Adamsville Wayside Library

Adamsville had its very own library in the early 1920s. It was housed in the north room of Hattie and Eugene Shurtleff's house at the corner of Colebrook and Stone Church Roads. The Shurtleff's daughter Venetta (Nettie) ran the library. According to Nettie's niece, Helen Shurtleff Collins, the books in the library were Nettie's own volumes and there was no charge to borrow them. When Nettie married and moved out of town, the library closed. Mrs. Collins believes that the books were sent to the town library in the Town Clerk's office on the Little Compton Commons. Mrs. Collins remembers that her father Malcolm, the Principal of Josephine F. Wilbur School, catalogued all the books in the town library in his spare time.

Images

The Shurtleff House<br /><br />

The Shurtleff House

Hattie and Eugene Shurtleff's home served as the location of the first public library in Adamsville after their daughter Nettie made her collection of books available for public use within the community. Photo courtesy of Connie Shurtleff McGee. LCHS Collection. View File Details Page

The Shurtleff Family<br /><br />

The Shurtleff Family

Eugene and Hattie Shurtleff with three of their children, Venetta (Nettie), Bertram and Julian. The Shurtleffs were very hard working people. Eugene did carpentry and other work around the village. The family clearly valued education and sent their boys to Greenwich Academy and Brown University. It is likely that Hattie graduated from the Number 6 School located just up the hill from her home. Both Hattie, and her daughter Nettie, are remembered as avid readers who were willing to open their home as the neighborhood library. Photo courtesy of Connie Shurtleff McGee. LCHS Collection. View File Details Page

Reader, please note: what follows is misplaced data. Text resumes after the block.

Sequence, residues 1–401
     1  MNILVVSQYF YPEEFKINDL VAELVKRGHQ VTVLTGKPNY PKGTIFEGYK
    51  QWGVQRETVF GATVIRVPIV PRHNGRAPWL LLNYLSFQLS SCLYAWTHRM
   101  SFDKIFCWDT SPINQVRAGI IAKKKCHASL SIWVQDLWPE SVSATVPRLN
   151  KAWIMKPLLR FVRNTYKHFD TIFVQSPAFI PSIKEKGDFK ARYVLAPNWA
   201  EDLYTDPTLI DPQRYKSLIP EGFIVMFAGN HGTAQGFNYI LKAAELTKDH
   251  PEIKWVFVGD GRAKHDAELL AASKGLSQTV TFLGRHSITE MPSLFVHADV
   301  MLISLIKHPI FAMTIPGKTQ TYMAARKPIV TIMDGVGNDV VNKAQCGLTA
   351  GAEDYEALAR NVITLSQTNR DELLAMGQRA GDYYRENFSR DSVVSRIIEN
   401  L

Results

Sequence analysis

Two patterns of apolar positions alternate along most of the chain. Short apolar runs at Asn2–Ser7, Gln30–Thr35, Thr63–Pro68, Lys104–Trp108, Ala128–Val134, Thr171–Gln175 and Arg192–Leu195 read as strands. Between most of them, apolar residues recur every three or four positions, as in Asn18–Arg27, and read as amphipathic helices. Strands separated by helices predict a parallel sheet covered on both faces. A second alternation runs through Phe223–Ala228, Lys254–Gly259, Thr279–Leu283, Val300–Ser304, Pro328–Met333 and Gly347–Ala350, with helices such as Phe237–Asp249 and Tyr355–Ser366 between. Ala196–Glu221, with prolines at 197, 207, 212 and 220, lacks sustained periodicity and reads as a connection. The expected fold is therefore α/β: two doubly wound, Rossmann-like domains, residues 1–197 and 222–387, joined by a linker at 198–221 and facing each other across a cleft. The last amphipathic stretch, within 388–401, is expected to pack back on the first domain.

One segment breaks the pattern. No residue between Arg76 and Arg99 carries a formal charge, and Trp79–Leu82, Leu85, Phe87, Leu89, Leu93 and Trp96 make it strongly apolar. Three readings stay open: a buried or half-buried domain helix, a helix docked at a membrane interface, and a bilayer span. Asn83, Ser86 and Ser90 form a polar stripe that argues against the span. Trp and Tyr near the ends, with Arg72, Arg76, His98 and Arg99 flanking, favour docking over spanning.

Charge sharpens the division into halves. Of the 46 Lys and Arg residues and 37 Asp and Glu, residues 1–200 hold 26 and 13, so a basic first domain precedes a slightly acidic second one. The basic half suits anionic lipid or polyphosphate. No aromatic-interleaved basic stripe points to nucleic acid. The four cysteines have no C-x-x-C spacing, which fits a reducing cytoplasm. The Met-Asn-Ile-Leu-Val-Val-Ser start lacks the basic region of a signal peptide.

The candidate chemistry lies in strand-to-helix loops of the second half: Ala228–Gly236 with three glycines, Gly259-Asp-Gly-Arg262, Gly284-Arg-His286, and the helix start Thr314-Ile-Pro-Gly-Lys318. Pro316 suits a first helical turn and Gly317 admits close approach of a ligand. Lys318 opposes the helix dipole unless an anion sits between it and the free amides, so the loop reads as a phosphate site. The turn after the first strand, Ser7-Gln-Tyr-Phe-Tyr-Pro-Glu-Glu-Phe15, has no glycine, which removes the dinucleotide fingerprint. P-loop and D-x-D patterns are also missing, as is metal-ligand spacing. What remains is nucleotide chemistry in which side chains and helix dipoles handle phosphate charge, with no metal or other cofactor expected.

Florence and Nettie Shurtleff, 1919

Florence and Nettie Shurtleff, 1919

Adamsville librarian Nettie Shurtleff (right) and her sister-in-law Florence Jewell Shurtleff (left.) Nettie's niece Helen Shurtleff Collins believes that this photograph may have been taken in the Shurtleff home. View File Details Page

Florence and Malcolm Shurtleff<br /><br />

Florence and Malcolm Shurtleff

As a young couple, Malcolm and Florence Shurtleff traveled to Peru to serve as Methodists missionaries. When they returned to Little Compton, Malcolm taught history at the high school and served as its principal. Like other members of the family - particularly his sister Nettie - Malcolm had a love of reading, and his daughter, Helen Shurtleff Collins, recalls that he catalogued all the books in the Little Compton Library. That library, housed at the time in the Town Clerk's office, eventually merged with the Brownell Library located on the Little Compton Commons. View File Details Page

Cite this Page:

Marjory O'Toole, LCHS, “Adamsville Wayside Library,” Rhode Tour, accessed April 27, 2017, http://rhodetour.org/items/show/111.

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